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This week, we’re breaking down four of the best personal finance books 2020.
Let’s be honest, some personal finance books can be a little — how shall we say this? — dry? boring? Even though most of them are packed full of great advice and practical tips, getting through them can be like wading through treacle. Lots of complicated jargon and language that reads like an economics textbook… They’re hardly page-turners, let’s put it that way.
On the other hand, there are lots of personal finance books that score highly on our page-turn-a-bility meter, but low on our actually-sound-financial-advice meter.
But if you’re an avid reader of the Bamboo blog (if so, hey!👋), you might remember that we recently spoke about setting yourself the goal of learning more about money.
And one of the ways we suggested to do that was to read The Financial Diet: A Total Beginner’s Guide to Getting Good with Money, a book which we’ve read here at Bamboo and loved (even if some of the advice is a little USA-focused.)
So this week, we thought we’d put together a list of four more books that we highly recommend if you want to learn about money and getting on top of your finances.
(And they all score highly on both our page-turn-a-bility meter and our actually-sound-financial-advice meter, too!)
Bamboo’s Top Picks: Best personal finance books 2020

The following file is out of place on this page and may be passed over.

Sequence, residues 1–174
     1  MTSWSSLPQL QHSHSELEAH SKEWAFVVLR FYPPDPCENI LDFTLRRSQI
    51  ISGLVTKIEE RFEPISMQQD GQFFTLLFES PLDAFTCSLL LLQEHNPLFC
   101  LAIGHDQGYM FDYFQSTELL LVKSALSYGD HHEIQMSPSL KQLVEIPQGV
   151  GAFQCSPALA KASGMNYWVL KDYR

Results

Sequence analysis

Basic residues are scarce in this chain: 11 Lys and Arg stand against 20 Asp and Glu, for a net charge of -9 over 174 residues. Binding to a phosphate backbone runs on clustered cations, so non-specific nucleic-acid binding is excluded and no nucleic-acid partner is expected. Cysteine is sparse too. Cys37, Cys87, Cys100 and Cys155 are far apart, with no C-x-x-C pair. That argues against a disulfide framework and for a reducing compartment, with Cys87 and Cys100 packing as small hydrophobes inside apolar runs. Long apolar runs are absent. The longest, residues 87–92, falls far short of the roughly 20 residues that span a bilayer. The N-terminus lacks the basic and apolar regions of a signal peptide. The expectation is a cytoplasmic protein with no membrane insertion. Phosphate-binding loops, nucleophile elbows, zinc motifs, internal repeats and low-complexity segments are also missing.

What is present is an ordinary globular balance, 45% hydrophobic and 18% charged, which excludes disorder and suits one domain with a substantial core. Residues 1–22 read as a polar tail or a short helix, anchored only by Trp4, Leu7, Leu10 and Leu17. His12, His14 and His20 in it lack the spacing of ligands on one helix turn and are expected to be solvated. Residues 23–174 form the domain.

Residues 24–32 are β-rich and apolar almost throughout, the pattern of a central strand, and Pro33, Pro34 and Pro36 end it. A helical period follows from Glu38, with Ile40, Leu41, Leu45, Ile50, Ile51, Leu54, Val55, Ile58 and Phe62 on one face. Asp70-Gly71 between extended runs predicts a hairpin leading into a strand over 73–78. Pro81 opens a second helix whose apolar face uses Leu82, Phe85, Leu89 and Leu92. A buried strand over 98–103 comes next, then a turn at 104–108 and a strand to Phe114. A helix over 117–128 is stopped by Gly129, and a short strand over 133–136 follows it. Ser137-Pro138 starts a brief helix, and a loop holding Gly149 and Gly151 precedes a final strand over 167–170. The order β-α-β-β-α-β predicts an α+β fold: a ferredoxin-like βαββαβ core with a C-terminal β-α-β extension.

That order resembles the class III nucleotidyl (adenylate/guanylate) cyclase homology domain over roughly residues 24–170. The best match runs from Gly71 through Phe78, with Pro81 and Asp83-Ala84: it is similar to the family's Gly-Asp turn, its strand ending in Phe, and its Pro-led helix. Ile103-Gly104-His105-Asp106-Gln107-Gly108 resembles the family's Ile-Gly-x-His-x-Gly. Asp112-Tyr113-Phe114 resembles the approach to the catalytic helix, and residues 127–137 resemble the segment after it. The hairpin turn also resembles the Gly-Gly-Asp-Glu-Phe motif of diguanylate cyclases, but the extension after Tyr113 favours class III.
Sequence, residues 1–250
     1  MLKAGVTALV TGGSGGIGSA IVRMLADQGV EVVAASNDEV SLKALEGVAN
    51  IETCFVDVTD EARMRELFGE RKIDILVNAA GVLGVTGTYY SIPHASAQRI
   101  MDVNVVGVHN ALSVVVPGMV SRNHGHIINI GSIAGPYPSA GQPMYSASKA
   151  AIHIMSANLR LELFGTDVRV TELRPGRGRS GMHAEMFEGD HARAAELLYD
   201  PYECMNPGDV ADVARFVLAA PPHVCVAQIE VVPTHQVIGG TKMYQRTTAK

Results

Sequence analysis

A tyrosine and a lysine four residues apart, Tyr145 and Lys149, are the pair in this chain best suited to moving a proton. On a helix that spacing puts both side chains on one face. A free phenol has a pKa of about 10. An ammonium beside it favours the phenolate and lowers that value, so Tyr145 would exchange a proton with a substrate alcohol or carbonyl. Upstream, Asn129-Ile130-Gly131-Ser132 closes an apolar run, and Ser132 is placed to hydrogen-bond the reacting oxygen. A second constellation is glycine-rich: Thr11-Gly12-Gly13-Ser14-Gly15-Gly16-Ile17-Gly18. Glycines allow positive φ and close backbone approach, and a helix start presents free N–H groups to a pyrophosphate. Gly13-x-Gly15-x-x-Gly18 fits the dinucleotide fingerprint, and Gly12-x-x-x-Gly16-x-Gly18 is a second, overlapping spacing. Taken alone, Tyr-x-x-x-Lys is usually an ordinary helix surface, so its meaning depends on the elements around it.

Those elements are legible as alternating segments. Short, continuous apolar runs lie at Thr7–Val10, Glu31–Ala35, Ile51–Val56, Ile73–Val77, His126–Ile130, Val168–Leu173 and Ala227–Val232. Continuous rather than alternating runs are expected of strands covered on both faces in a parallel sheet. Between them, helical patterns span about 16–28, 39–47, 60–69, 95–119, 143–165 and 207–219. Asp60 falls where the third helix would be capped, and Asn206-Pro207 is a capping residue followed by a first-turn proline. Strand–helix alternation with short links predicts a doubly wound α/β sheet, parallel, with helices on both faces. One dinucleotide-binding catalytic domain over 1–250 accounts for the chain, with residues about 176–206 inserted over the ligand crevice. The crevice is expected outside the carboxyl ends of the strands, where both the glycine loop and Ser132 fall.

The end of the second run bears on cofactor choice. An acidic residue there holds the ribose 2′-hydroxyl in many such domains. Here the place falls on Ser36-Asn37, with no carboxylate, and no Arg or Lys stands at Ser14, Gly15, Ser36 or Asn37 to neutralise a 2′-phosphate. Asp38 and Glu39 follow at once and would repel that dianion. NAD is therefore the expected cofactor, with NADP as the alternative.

Book #1: I Will Teach You To Be Rich by Ramit Sethi
If you’re fed up of hearing that the only way to save money or get rich is to stop buying your morning coffees, then you need to read Ramit Sethi’s book.
In his very direct and to-the-point style, he breaks down the four core elements of being “rich” — banking, saving, budgeting and investing — and gives you practical advice and exercises to achieve them.
And by practical advice and exercises, we don’t just mean things like “automate your savings” or “invest money if you can” or “stop buying treats”.
Ramit gives you tried-and-tested scripts for things like reducing interest on your card or getting companies to waive fees you might have incurred, but he also helps you define what “rich” means to you and how to get to that life.
Because, while some people might want Lamborghinis and private jets, other people just want to be able to take their kids on holiday without panicking about how to pay for it. Whatever your idea of “rich” is, Ramit will help you get there.
Plus, his envelope technique for spending is wildly popular on the internet, with lots of people saying that it’s completely changed the way they think about — and spend — money.
Wherever you are in your financial journey, whether you’re just getting to grips with the basics or looking to get the most out of your money (and life), this book is full of straight-talking advice that’ll help you get to where you want to be. (And it’s a fun read, too.)
Book #2: Broke Millennial by Erin Lowry
OK, before we begin, we should acknowledge that this book — like I Will Teach You To Be Rich and Financial Diet (not mentioned on this list, but in a previous one) and the next entry on the list — is written by an American author and contains advice about US-specific finances (you’ll read things like 401K etc…).